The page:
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   Table of Contents - Current issue
Coverpage
April-June 2018
Volume 1 | Issue 2
Page Nos. 37-62

Online since Monday, February 4, 2019

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REVIEW ARTICLE  

Aberrant expression of p14ARF in human cancers: A new biomarker? p. 37
Kazushi Inoue, Elizabeth A Fry
DOI:10.4103/tme.tme_24_17  
The ARF and INK4a genes are located on the same CDKN2a locus, both showing its tumor-suppressive activity. ARF has been shown to monitor potentially harmful oncogenic signalings, making incipient cancer cells undergo senescence or programmed cell death to prevent cancer. On the other hand, INK4a detects both aging and incipient cancer cell signals. The efficiency of detection of oncogenic signals is more efficient for the for the former than the latter in the mouse system. Both ARF and INK4a genes are inactivated by gene deletion, promoter methylation, frameshift, aberrant splicing although point mutations for the coding region affect only the latter. Recent studies show the splicing alterations that affect only ARF or both ARF and INK4a genes, suggesting that ARF is inactivated in human tumors more frequently than what was previously thought. The ARF gene is activated by E2Fs and Dmp1 transcription factors while it is repressed by Bmi1, Tbx2/3, Twist1, and Pokemon nuclear proteins. It is also regulated at protein levels by Arf ubiquitin ligase named ULF, MKRN1, and Siva1. The prognostic value of ARF overexpression is controversial since it is induced in early-stage cancer cells to eliminate premalignant cells (better prognosis); however, it may also indicate that the tumor cells have mutant p53 associated with worse prognosis. The ARF tumor suppressive protein can be used as a biomarker to detect early-stage cancer cells as well as advanced stage tumors with p53 inactivation.
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ORIGINAL ARTICLES Top

Commonly expressed genes among cancer stem cells induced from hiPSCs and Obtained from cancer tissues or cell lines p. 45
Akimasa Seno, Masaharu Seno
DOI:10.4103/tme.tme_1_18  
Introduction: Cancer is one of the serious health problems in worldwide. For the development of radical cancer treatment, cancer stem cells (CSCs) are getting an issue of focus. CSCs are thought to be resistant to chemotherapy and cause metastasis. Although it is very important to understand their characters in detail, the knowledge so far is not sufficient due to their low ratio in tumor tissues. Subjects and Methods: We have induced CSCs from induced pluripotent stem cells (iPSCs) culturing in the conditioned media from cancer-derived cells without introducing genes or mutations. These induced CSCs actually have CSCs-like properties of self-renewal, differentiation potential, and tumorigenicity. In this study, their gene expression data are compared with more than 1000 sets of data from normal stem cells, our CSCs, CSCs obtained from cancer tissues or cell lines and cancer cells, which obtained from Gene Expression Omnibus. Results: Although there were no known cancer stem cell markers which can distinguish CSCs from other cell types, clustering with spherical self-organizing map revealed the expression of NTNG1, ABLIM2, DNM3, EDN1, XLOC_001990, and ISY1-RAB43 are significantly high in CSCs. Conclusion: Their expression should help to find CSCs as the markers in the future. Simultaneously, the function of these genes should become important to be clarified.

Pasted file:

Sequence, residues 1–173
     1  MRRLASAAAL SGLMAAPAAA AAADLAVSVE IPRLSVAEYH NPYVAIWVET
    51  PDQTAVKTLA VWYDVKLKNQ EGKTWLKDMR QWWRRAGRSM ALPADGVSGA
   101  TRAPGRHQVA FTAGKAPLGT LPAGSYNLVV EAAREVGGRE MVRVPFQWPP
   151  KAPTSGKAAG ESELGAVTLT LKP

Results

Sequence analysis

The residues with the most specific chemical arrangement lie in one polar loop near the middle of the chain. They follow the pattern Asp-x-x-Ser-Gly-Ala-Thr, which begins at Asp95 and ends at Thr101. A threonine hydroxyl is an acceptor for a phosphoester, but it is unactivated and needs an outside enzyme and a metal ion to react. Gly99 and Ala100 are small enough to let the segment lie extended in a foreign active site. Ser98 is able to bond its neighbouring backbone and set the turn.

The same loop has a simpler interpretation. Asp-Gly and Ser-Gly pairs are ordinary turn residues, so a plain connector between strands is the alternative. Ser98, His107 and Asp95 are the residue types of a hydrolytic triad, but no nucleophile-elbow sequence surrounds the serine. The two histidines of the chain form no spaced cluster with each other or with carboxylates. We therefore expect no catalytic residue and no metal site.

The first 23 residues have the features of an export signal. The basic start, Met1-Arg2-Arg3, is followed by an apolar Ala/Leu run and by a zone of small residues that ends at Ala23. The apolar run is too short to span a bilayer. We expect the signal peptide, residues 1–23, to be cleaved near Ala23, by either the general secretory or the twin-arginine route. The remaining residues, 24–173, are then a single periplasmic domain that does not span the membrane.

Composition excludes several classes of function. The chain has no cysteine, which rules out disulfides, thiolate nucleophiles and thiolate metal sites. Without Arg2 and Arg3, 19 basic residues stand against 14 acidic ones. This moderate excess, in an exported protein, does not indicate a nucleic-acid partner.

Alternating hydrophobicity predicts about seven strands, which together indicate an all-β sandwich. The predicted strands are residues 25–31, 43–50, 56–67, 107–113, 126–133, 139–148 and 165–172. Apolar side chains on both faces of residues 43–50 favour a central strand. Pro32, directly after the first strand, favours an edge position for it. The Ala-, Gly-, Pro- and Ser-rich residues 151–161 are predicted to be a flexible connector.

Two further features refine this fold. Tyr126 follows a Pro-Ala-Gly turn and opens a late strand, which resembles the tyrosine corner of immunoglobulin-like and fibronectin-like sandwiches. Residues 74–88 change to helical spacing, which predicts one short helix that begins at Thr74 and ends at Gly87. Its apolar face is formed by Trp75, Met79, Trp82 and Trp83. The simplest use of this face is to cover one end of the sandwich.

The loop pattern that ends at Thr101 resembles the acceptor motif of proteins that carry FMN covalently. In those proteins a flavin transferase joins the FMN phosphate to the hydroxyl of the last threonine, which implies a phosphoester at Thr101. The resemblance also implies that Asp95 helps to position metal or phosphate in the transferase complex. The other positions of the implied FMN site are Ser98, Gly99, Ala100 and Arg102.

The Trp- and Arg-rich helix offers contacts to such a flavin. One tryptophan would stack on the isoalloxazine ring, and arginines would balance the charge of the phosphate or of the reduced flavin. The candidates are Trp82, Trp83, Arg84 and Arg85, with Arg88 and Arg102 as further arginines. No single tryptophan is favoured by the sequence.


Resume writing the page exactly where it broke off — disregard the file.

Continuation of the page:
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Identification and characterization of glycine decarboxylase as a direct target of snail in the epithelial–mesenchymal transition of cancer cells p. 55
Guohua Chen, Jianmei Wu, Jing Li, Jian Wang
DOI:10.4103/tme.tme_8_18  
Context/Aims: Metabolic reprogramming and cellular plasticity drive tumorigenesis. However, how these cellular events collectively contribute to the oncogenic process is poorly understood. Epithelial-mesenchymal transition (EMT), a fundamental mechanism of cellular plasticity, is governed by the EMT transcription repressors such as Snail. In the present study, through establishment and characterization of inducible overexpression of Snail in A549 lung cancer cells, we aim to define the metabolic reprogramming in response to Snail in the EMT of lung cancer cells. Methods/Results: Our metabolomic analysis suggests that forced expression of Snail accompanied reduced diversion of glycolytic metabolites to the serine/glycine metabolic shunt, a critical metabolic branch that distributes glucose catabolic intermediates to the major anabolic pathways. Our gene expression profiling and molecular characterization revealed that Snail actively suppressed the expression of glycine decarboxylase (GLDC), a key enzyme on the serine/glycine metabolic shunt, through binding to an evolutionarily conserved E-box motif and thereby inhibiting the promoter of the GLDC gene. Besides, knockdown of GLDC led to a cellular function shift from proliferation to migration. Conclusion: This study has revealed a novel molecular link that integrates the serine/glycine metabolism with the Snail-mediated EMT program in cancer cells.
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